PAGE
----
One of the most mysterious things of my childhood was a lush green mountain in front of my native home. For a long time, the peak of the mountain was the highest ever point on the earth and I always wondered to imagine the view from the top. I had believed that if my home was up there, I would have been living in the paradise. But the day when I observed the same mountain from a distant point, I was surprised to see that the mountain of the village was nothing in comparison to the lofty snowy peaks behind it. That day marked the moment when I saw the Dhauladhar Himalayas for the first time and my imaginations made a shift from the view from the top of the village mountain to the view from the high altitude Himalayas.
After visiting many places around and trans Dhauladhar and other Himalayan ranges in general, and after having received the virtual views from the summit of many mountains on Google Earth, the mystery of appearance of the world from the top of Dhauladhar had got dissolved to a great extent. So the day I landed on the crest of Dhauladhar at an altitude of 4300 meters above sea level, I could relate and compare the original view with my childhood imaginations and with what I expected based on my earlier experiences of Himalayas.
After day 1 starting from Mcleodganj of Dharamshala, on the 5th day of Himalayan trekking we reached the top of Indrahar pass. The 5th-day journey, from Lahesh cave to the top of Inderhar Pass, perhaps was the steepest and toughest treks I had experienced by that time. Dhauladhar Himalaya is a high-altitude barrier between Kangra and Chamba valleys of Himachal Pradesh and there are no motorable roads on any of the high altitude passes to connect them. However, there are a number of trekking routes, Inderhar Pass being one of them. The trekking route to Indrahar pass is well noticeable till the place from where Laka Glacier starts (3200m) but beyond that point the slope becomes steep and the trekking route starts to fade away and passes over the massive boulders which sometimes make it difficult to find the exact direction to move on. However, the route was traced out by spotting some rocks which were marked with red paint. In the region where we did not expect to see any human, 3 shepherds along with their herd of hundreds of goats and sheep, who were coming from the other side of the mountain, put us in the right direction. Sometime after our progression, the whole area started to get covered with the dense clouds and within a few minutes, the visibility went so down as if the sun was about to set. In those hazy surroundings, I had assumed that even at the top I would find myself in the middle of clouds and so would have to wait for a long time for the clouds to get disperse to get a transparent view from the top of the pass. But as soon as we reached the crest of the mountain, the first view of the other side of the mountain created a euphoric moment. We were at the natural border of the cloudy and clear sky. While nothing was visible at the side we came from, another side had full sunlight and we could clearly see the Peer-Panjal range, Manimahesh mountain, Chamba Valley and northern slope of Dhauladhar range. The panorama of Pir-Panjal range refreshed the memories of time spent in Lahaul and Pangi region and of crossing Sach Pass. Another thing I experienced for the first time was to be exactly at the sharp crest of any of the Himalayan mountains, as on the immediate southern side of the apex of the Indrahar Pass was the slope of Kangra valley, while on the immediate northern side was the Chamba valley slope. From the administration point of view, I was on the border of Chamba and Kangra districts of Himachal Pradesh.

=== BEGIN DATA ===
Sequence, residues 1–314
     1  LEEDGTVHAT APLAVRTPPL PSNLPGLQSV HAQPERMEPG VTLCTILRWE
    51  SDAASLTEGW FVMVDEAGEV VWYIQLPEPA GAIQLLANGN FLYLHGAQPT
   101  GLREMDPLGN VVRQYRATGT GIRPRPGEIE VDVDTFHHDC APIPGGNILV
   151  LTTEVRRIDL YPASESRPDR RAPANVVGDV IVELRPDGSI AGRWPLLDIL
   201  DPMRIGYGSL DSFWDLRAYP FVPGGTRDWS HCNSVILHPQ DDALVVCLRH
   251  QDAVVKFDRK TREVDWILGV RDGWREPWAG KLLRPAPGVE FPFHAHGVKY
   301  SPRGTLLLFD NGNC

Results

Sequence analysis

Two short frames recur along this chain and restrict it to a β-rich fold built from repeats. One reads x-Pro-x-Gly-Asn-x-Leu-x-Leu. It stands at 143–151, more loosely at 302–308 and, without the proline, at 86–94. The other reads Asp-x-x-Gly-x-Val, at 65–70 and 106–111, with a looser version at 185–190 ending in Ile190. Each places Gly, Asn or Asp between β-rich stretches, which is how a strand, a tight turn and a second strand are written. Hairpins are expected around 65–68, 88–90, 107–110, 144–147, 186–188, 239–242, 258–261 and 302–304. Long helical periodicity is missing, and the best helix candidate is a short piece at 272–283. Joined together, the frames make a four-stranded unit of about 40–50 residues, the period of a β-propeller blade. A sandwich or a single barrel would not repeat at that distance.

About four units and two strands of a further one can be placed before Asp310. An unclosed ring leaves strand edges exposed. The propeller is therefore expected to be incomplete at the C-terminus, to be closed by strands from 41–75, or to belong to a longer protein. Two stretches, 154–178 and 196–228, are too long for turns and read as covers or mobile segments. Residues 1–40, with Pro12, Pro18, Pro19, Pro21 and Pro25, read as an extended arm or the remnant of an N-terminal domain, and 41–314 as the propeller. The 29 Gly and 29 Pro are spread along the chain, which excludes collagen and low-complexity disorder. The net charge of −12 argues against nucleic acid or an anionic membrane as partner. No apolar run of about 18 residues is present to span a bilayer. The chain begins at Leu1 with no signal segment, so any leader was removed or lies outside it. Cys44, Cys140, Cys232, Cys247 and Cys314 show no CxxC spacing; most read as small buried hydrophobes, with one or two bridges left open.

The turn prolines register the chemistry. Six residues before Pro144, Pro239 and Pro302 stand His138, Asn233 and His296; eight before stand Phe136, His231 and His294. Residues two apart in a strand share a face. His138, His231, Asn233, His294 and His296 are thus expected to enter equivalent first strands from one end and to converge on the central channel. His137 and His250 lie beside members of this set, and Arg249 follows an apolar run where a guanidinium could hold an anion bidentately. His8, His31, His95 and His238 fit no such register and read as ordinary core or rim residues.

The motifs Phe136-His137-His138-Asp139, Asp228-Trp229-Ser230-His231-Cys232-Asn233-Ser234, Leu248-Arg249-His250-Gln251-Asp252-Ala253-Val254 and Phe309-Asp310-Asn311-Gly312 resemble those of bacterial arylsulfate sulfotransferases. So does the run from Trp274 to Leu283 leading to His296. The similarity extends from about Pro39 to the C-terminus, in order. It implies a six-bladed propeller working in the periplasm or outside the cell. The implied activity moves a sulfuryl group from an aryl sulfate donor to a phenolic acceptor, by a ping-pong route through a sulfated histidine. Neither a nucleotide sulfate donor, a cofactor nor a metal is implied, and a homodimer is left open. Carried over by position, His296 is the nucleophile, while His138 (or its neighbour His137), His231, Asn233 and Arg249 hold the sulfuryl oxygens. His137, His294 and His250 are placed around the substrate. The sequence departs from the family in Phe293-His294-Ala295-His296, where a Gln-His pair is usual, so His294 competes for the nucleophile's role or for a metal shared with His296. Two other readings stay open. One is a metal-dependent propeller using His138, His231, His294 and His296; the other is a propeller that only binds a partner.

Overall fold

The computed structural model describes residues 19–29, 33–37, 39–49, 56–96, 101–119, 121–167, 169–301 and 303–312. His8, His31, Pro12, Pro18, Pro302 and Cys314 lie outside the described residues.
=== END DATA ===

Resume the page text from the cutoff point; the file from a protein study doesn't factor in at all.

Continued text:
I spent around one and a half hour at the apex. It was the moment of reliving the childhood imaginations and to view them in front of my eyes. Although I was there for the first time, I already had a generalised idea about the view from there. I knew that I would be able to see the Peer-Panjal range, Mani-Mahesh Mountain and Chamba and Kangra valleys from the top. But I also recognised that knowing something and to experience the same are two different things. So although I had some idea what it would be like to be at the crest of Dhauladhar, I acknowledged that originality could be observed only by to be at that place. My time at Indrahar reminded me that I was still deprived of the original feel from my village mountain. I also noticed that the original experience could have been much more strong and significantly different if I had not taken any digital view from the Google Earth. I remember, somewhere I read a statement which says, “To keep life interesting, avoid knowing everything.”